Scientists studying the field of tissue engineering are very interested in knowing the answer to your question. If we can understand the normal pathways of tissue healing, then maybe we can find a way for ligaments like the ACL to repair itself.
The poor healing capacity of the ACL can be explained in part by its biology. First there is a very thin lining or sheath around the ACL. Once this sheath is disrupted, the blood supply to the ligament is decreased greatly.
Normal healing and repair depend on the formation of a hematoma. A hematoma is a collection of blood cells trapped in the tissues after trauma or injury. Somehow the presence of the hematoma sets up the right environment needed for tissue healing. Without a blood supply, there can be no hematoma formation.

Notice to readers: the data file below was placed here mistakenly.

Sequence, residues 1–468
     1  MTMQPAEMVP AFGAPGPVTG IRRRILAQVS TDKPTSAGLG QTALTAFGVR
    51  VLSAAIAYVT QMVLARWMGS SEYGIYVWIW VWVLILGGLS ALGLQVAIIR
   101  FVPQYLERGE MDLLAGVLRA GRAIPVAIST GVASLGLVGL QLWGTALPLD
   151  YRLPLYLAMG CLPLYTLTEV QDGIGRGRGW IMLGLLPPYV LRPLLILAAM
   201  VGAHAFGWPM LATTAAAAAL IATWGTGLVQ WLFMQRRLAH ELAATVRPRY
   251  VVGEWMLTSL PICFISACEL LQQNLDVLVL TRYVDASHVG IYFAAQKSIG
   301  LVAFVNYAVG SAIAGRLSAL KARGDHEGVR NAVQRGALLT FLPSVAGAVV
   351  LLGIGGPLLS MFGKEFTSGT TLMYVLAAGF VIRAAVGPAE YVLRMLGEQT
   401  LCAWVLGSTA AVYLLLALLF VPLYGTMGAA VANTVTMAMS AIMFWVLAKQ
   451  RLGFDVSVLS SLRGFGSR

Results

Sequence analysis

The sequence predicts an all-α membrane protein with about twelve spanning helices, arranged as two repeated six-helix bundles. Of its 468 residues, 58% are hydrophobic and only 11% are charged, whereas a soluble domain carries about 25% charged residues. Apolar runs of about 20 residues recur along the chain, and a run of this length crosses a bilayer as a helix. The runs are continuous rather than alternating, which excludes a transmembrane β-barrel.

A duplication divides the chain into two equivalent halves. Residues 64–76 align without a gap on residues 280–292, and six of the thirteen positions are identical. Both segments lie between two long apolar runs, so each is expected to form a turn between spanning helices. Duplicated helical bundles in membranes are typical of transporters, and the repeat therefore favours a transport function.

The hematoma provides a base camp so-to-speak for local growth factors and chemicals to come and set up a mesh or scaffold. Cells fill in around the scaffold forming collagen and scar tissue. It looks like there's a complex interchange between repair cells, growth chemicals, and the scaffold needed for healing. Without the hematoma to get the process started, ligaments don't recover on their own.